“That’s just passive-aggressive enough to make sense from their point of view,” Lang agreed. “I’m not sure I buy all their propaganda about how they’re wonderful, peaceful people though. If we’ve gotten far enough under their skin to provoke a response then it’s possible we’re about to see what they look like when they get violent.”
“Violent how?” Priss demanded. “You need to practice violence in order to get any good at it.”
“The same way novices always do.” Lang flapped his hands limply in the air. “By flailing wildly until their hand hits something and they hurt themselves.”
“An untrained but valiant man,” Goldstein murmured.
Lang glanced at the Major, waiting for him to continue the thought. When he didn’t Lang asked, “What was that, sir?”
Goldstein grunted and scratched at his vanished hairline. “A long time ago, when I was just a baby officer, I researched historical warfare as part of my academic career. Not a little, a lot. One thing I read that I never forgot was the standards given for a sword master in late medieval Europe. Can’t remember exactly where. But a candidate had to win three bouts against three different types of opponents. Three rounds against a sword master, three against a man-at-arms who is drunk and three against a valiant but untrained man.”
“I get the first part but why the other two?” Priss asked.
“To prove that you can deal with unpredictable opponents.”
Lang stared at the EMG console, watching the magnetic field slowly expand towards the forward operating line. “I’m not sure getting a title is worth this kind of risk, sir.”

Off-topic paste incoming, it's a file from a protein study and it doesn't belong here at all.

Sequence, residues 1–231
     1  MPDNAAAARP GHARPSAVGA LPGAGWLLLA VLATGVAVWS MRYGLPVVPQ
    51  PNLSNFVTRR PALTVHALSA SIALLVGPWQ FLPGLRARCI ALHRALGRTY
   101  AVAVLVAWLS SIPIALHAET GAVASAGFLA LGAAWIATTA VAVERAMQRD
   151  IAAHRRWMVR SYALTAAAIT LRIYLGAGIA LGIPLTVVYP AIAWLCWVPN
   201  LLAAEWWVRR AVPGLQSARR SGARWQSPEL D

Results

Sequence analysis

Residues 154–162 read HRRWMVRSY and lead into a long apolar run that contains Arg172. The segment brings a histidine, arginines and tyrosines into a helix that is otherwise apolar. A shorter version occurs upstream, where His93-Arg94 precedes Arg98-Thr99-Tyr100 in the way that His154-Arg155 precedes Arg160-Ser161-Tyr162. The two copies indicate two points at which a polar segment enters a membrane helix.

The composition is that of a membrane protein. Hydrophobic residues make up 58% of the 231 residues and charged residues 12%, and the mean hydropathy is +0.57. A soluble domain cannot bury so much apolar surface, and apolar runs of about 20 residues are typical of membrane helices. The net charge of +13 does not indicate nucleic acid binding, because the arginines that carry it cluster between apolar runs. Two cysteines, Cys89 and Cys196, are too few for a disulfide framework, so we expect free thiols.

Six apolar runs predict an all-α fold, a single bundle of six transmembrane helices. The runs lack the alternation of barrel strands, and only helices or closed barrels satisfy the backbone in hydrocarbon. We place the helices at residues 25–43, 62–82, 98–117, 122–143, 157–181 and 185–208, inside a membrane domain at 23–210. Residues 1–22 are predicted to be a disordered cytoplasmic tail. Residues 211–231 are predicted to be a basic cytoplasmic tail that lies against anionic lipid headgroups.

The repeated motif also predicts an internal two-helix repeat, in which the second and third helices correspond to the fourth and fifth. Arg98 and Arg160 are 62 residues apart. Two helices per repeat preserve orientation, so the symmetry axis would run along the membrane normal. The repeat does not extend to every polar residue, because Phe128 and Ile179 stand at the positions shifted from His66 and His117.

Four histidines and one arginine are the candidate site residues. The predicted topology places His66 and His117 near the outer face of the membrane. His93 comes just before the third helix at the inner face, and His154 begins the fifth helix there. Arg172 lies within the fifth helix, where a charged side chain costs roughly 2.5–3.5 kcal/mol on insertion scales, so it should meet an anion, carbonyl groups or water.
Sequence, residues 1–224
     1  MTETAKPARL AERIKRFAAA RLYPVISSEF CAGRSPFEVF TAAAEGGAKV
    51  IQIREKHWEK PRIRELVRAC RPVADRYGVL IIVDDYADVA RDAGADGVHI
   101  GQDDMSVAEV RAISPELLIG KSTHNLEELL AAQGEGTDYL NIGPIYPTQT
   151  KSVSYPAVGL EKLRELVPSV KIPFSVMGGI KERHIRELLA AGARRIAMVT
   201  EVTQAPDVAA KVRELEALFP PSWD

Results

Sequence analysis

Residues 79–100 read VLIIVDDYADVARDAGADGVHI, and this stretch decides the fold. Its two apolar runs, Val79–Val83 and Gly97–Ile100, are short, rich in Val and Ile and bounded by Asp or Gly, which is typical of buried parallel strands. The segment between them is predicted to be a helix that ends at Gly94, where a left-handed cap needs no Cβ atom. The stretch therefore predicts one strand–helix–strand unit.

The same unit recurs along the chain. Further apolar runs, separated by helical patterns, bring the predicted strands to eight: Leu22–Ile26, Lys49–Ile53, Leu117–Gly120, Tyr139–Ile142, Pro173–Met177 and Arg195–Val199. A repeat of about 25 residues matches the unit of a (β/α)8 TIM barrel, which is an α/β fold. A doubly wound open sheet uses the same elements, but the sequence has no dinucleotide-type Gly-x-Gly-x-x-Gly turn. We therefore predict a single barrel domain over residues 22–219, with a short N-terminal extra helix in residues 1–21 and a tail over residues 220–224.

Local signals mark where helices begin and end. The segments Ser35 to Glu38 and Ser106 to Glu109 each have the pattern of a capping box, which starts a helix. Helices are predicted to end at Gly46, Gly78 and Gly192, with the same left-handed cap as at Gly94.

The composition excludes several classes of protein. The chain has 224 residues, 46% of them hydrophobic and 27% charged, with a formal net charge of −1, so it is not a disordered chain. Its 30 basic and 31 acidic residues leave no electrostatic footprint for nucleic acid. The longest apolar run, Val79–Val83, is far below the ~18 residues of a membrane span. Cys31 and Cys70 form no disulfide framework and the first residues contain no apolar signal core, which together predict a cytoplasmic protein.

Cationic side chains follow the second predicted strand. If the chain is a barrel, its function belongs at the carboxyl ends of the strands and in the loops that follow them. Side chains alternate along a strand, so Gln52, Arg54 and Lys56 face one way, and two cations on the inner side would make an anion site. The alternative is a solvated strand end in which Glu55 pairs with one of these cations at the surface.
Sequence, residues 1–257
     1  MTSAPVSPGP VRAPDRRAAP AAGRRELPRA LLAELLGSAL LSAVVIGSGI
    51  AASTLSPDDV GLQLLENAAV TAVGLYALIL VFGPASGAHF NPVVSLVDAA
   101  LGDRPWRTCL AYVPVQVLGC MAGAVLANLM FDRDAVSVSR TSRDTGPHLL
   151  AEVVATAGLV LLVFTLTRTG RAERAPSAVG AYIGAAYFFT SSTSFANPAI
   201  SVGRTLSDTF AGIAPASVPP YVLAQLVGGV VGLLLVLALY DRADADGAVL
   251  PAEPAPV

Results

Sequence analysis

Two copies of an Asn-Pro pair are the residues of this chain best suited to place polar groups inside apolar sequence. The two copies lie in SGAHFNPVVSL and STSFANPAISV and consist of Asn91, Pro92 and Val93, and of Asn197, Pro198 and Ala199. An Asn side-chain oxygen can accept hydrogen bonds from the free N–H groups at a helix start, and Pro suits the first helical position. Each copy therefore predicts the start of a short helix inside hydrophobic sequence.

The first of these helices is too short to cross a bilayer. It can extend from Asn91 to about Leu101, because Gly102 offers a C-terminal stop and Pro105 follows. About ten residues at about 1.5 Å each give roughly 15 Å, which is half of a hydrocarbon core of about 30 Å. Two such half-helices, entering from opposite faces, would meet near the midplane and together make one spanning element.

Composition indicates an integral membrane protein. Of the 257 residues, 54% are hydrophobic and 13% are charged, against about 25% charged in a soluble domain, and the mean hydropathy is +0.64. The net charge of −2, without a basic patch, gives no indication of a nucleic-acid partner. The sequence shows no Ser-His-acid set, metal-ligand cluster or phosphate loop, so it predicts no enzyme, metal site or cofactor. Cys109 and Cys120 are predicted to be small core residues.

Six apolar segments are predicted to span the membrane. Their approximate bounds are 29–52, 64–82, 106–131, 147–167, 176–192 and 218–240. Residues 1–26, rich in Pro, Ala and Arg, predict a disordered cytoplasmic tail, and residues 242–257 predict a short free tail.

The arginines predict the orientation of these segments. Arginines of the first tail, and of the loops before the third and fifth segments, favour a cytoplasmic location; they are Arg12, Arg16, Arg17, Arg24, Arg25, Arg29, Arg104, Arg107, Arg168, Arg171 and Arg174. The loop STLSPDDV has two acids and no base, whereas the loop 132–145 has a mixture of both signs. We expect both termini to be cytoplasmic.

“We’re not here for titles, Sergeant,” Goldstein replied. “Do you have any other ideas as to what UNIGOV might be doing out there?”
“Their maglev system is tied into what we’d consider a last generation AI system,” Lang mused, more thinking aloud rather than offering a specific answer to the Major’s question. “I’m not sure they could use it for much outside of traffic control without a serious hardware upgrade. That’d change their power use profiles quite a bit, too. Their nanotech is pretty advanced compared to ours, at least in terms of how fine a scale they can operate on. Based on the van we stole I’d say they’re a couple of generations ahead of us on solar panel technologies.”
“I don’t see how any of that fits into what we’re seeing here,” Priss said.
Lang sighed. “No, neither do I. Sorry, sir, but when it comes to what the Earthlings are trying here I’m as clueless as the next guy.”
“Well, thank you for taking a look at it anyway, Sergeant,” Goldstein said. “I hate to keep you away from your other responsibilities so long for so little reward but I appreciate your time. You can return to your post now.”
Lang nodded and turned towards the door.
He’d barely finished that turn when Priss said, “Fuck. Lang, you’re not gonna believe this.”
He doubled the length of his pivot, doing a complete 360 degree turn. “What? What happened?”
Priss was streaming a live video feed from one of the forward bases. It showed a building on the opposite side of the street slowly turning to dust as an odd shimmering field slowly washed over it. “They found out what the sapiens’ big play is.”
Lang watched as one spacer sprinted across the street in an attempt to get away from the advancing field only to be overtaken. The poor man collapsed on the ground after running another couple of feet, his body’s fleshy parts dissolving into a pale red mist, the heavier pieces slumping into a quivering pile of once living matter. “Ah.” Lang winced as he watched the man’s death. “Well. Violence it is.”
“So it would seem, Sergeant,” Goldstein replied. “So it would seem.”